SH: I feel like the first month of COVID there wasn’t a lot of discussion happening out there. I think everyone was just in shock – preparation, getting home, trying to set up at home, what do we do? AndI feel like the tide is changing now and I could see the chatter amongst organizations about – okay, what’s the future strategy? How do we actually deal with this? So a few things that are coming into question. Is this the death of the CBD? Is this the death of the headquarters buildings that we know because people are able to work from home? I don’t think this is binary. I think there are different preferences – me personally, I hate working from home. I don’t do well with it. I had a setup where I had a suburban I mean, Fremantle had a little co-working space, so I didn’t have to travel very far between daycare, work and home. That was perfect for me. As I said, I don’t work well from home. So we’re starting to understand this spectrum as well that some people really thrive in the home environment and others do not. But I think with the workplace, nothing will return to normal. This isn’t like anything else that we’ve seen before. It’s not like people will forget about it in six months, we’re going to see some really fundamental changes and the first one is that people don’t feel safe. And that safety is going to take a very long time to come back until we see the eradication of COVID-19, until we see a vaccine. So being in a crowded space with other people – you know what it’s like to go to the grocery store right now, you feel unsure. And so being in an office sitting next to somebody, it doesn’t feel quite right. Yeah, there is some work coming out about designing bigger offices at the moment. So I can’t remember if it’s Cushman and Wakefield – it was the six foot office, where they’ve designed it so that you don’t interact with people. I’m not sure if anything like that is really going to work. I mean, we go to an office for the human interaction, you don’t go to an office to be separated from people. The other thing we’ve really seen thrown out is this struggle that people have, particularly with kids – this struggle, actually the real life of managing work and a family, and it’s really hard. So because, you know, I’ve got kids on zoom meetings and parents, you know, can’t they’ve got to do drop offs and homeschooling. We’re seeing that these two can’t be separated anymore. So I think we are understanding flexibility is really important, not just for women, but for men as well. So I think that our work hours and our flexibility will change. Whether we go back to a CBD office? I’m not really sure. I think that that is what would have fundamentally changed. I think that’s where we might see the rise of more suburban offices or centers and working from home. I just don’t think we’re going return to that. I mean, the two biggest costs for organizations are staff and property. And they just they spent so much money on on leasing properties. So they are really going to question – do we need this? Is this actually what our organization needs? Or can we accomplish other things? Are we able to put this money elsewhere to help grow? And then I think we’ll see lots of material-like physical changes to buildings – we’re going to see different materials, because we’re understanding more about surface transfer of disease, air quality – the air that we’re breathing and how it transmits through the air and the air conditioning systems and ventilation. So there’s, there’s lots of this change, and I’m seeing a lot of that in the facility management area coming up – that discussion about – okay, well, some of our buildings are actually quite unhealthy. And we can’t get away with this anymore. So I think we have seen a boom in real time monitoring of air quality and practice, which actually affects health not just in offices – in all kinds of buildings. So that you, as a person in this space, you are aware of what you’re interacting with. So I think that’s probably a broad view of how things will change.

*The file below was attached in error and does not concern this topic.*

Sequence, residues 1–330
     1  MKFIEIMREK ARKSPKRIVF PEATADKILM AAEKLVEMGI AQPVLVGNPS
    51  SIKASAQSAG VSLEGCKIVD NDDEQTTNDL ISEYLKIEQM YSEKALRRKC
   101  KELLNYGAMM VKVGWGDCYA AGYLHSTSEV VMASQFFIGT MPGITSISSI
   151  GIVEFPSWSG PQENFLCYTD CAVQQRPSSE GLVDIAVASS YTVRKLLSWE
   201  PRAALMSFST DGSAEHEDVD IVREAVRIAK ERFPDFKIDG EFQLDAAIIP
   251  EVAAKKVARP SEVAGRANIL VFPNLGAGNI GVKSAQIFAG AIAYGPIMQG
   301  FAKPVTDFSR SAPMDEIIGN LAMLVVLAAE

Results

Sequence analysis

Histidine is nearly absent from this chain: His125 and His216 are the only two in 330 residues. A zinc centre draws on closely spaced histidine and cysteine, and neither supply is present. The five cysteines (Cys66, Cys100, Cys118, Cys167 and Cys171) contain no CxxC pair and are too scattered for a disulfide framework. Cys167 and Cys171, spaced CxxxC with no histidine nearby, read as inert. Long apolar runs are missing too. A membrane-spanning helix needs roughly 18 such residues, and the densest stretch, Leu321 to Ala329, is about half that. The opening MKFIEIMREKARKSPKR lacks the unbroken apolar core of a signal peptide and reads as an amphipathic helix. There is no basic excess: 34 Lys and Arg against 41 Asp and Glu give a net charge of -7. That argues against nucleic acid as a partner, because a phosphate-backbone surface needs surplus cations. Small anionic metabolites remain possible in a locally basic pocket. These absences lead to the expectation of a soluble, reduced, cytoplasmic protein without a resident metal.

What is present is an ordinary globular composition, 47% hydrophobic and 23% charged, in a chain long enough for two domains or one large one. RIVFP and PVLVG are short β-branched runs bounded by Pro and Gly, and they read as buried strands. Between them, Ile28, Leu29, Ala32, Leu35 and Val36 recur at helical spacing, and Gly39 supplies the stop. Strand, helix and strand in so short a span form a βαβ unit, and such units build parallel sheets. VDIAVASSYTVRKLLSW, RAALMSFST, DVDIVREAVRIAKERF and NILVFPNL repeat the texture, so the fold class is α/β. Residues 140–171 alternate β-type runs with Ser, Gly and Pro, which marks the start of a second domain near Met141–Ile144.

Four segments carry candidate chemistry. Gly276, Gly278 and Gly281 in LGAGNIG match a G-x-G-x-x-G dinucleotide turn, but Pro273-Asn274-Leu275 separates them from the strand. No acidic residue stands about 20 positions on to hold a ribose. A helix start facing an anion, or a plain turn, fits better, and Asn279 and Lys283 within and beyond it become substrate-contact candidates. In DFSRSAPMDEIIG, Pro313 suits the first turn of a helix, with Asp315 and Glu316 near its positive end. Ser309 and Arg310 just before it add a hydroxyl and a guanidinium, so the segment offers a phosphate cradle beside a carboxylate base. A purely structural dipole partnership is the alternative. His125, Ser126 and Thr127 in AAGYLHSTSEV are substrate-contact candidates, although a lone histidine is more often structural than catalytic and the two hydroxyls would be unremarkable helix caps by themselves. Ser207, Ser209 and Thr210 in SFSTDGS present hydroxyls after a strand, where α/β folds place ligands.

KRG: I know Kate has some questions about this.